World Rugby chairman candidate Augustin Pichot hoping to grill Sir Bill Beaumont in key debate in last-minute bid to sway voters ahead of election
- Augustin Pichot has challenged Sir Bill Beaumont to a live manifesto debate
- Four-day voting window for new World Rugby chairman opens on Monday
- Several members are undecided with it set to be the closest ballot in history
- A win for Pichot against the ex-England captain would revolutionise the old order
- Here’s how to help people impacted by Covid-19
World Rugby chairman candidate Agustin Pichot has challenged his opponent Sir Bill Beaumont to a live debate over their manifestos in a last-minute bid to win the swing voters.
A four-day voting window opens on Monday and a handful of members remain undecided in what is expected to be the closest ballot battle in rugby’s history.
The sport faces a reset when it emerges from the Covid-19 pandemic and a victory for Pichot against the former England captain would revolutionise the old order.
Agustin Pichot has challenged his election opponent Sir Bill Beaumont to a live debate
The World Rugby election voting opens on Monday with the two candidates to be chairman
‘It’s very last minute but I would love to debate my ideas with Bill if it’s useful for the council members,’ Pichot told The Mail on Sunday.
‘I don’t want to turn it into a show but, if you’re asking me if I would do it in public, I would have no issue with that.
‘I’m open to new ways of thinking. The more transparent the sport is, the better.
‘If some kind of debate helps the game and helps the council members then I am more than happy to do it.’
Beaumont was expected to win the election by default, largely through support from the Six Nations unions, who hold a disproportionate number of votes.
A victory for the Argentine against the ex-England captain would revolutionise the old order
But Pichot exclusively launched his 11th-hour campaign in The Mail on Sunday and has won high levels of support from nations demanding change.
There have even been reports of a split in the Six Nations voting block, with Ireland the most likely to break rank.
‘I’ve been very happy with the level of support I’ve received and that’s a sign that people want change,’ said Pichot.
‘We have done an integrity campaign. We haven’t traded positions. We have just done what is best for the game. It has been revealing. I would love to have received some more feedback from the Six Nations unions.
‘I would love to have discussed my manifestos with their boards but I understand their political situation. They have a pressure to vote together and I just have to respect that.
‘If I win, I will be more than happy to work together with those guys.’ Both Pichot and Beaumont have stated their manifesto intentions to create a globally aligned playing calendar.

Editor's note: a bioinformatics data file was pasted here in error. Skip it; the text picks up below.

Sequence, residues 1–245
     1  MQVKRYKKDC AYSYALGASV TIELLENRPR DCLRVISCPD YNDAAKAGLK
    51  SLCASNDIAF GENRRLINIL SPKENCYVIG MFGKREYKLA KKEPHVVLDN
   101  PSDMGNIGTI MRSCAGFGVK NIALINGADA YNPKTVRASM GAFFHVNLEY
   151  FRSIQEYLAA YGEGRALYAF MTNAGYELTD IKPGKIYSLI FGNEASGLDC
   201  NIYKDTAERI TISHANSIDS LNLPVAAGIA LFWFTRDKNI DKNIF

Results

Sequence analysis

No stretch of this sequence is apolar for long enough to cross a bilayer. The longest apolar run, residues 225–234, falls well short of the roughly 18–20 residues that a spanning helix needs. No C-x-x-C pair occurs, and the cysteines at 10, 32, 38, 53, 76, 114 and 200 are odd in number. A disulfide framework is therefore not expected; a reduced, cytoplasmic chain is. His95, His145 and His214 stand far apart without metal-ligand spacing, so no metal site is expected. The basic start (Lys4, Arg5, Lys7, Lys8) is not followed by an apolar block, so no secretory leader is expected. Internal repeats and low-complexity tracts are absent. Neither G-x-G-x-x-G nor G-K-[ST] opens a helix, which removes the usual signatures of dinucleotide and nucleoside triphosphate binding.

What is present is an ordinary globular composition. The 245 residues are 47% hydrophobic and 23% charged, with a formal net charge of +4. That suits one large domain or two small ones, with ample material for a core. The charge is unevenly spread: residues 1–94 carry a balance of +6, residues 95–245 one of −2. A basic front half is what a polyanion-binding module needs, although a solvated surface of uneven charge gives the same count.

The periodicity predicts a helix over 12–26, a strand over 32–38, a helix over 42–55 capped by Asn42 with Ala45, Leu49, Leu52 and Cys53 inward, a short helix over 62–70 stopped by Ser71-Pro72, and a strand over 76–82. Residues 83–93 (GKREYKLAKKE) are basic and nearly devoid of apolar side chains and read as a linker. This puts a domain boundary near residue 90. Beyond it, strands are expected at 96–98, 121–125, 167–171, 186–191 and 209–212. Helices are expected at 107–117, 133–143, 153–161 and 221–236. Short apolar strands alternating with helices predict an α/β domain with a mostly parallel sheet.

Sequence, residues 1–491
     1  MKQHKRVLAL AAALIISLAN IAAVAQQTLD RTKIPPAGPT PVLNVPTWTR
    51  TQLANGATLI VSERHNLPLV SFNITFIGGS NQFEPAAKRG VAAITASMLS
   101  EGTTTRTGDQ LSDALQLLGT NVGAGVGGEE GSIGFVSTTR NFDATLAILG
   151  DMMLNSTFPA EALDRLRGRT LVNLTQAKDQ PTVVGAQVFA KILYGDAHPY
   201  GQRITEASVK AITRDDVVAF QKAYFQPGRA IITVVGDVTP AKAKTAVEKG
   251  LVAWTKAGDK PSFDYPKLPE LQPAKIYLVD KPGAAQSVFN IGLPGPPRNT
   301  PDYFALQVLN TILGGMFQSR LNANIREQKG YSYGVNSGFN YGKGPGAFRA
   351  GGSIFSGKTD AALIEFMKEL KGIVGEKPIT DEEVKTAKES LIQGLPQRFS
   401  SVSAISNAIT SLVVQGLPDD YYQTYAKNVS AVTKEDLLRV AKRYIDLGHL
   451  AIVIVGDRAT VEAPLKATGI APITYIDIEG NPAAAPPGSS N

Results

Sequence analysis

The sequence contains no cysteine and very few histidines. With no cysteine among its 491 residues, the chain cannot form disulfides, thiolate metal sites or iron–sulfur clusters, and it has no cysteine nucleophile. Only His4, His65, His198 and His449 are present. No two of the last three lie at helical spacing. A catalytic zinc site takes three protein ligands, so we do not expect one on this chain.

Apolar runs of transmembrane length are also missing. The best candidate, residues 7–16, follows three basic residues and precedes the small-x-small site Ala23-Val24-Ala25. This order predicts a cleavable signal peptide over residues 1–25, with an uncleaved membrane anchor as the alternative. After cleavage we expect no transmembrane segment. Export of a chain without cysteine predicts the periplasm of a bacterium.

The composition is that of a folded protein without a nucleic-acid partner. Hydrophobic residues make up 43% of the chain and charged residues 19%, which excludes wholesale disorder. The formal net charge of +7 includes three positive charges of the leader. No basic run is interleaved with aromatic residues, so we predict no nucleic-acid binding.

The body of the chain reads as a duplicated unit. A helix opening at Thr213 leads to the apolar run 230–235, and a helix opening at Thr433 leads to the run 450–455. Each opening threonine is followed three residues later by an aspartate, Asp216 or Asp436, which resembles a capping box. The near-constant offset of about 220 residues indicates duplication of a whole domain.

Beaumont was expected to win the election by default through support from the Six Nations
There have been public statements about securing the sport’s long-term future, however a document seen by The Mail on Sunday shows that unions are being swayed by short-term political plays. An ‘Analysis of Candidates’ report circulating through the Samoan Rugby Union explains how the campaign is being used as a power grab to earn additional seats on the game’s Executive Council.
Fijian convicted killer Francis Kean had already been backed by Beaumont’s running mate, Bernard Laporte, to join the ‘top table’, before last week when he was hit by allegations of homophobia.
The document states: ‘Looks like Fiji has done its homework and secured the backing from the north to secure its place.
‘This will be a setback for us if Fiji sits on the Executive before us. They will have access to sub-committee recruitments and first-hand information on revenue sharing and competitions set up.
‘Now we need to secure a place in one of the three top sub-committees.’
Clubs are also demanding a louder voice in any potential reset.
Simon Halliday, the chairman of European Rugby, has hit out at the governing body for failing to involve the clubs in talks about rescheduling matches and in discussions around their bid to launch a nations’ championship.
‘We were never really involved in the World League discussions so it was never going to work from day one,’ said Halliday.
A handful of members remain undecided in what is expected to be the closest ballot battle
‘They have spoken about clubs being at the table but actions will speak louder than words.
‘For us, the themes are pretty clear. We want to be part of a really great global game.
‘I absolutely believe in a more even revenue share.
‘I’ve not been too impressed by what we’ve had to deal with. It’s time to come together.
‘I was involved with the RFU for 10 years and I think the whole game has got to sit around the table and reconstruct the set-up.
‘I fear that if we don’t modernise now then we never will.’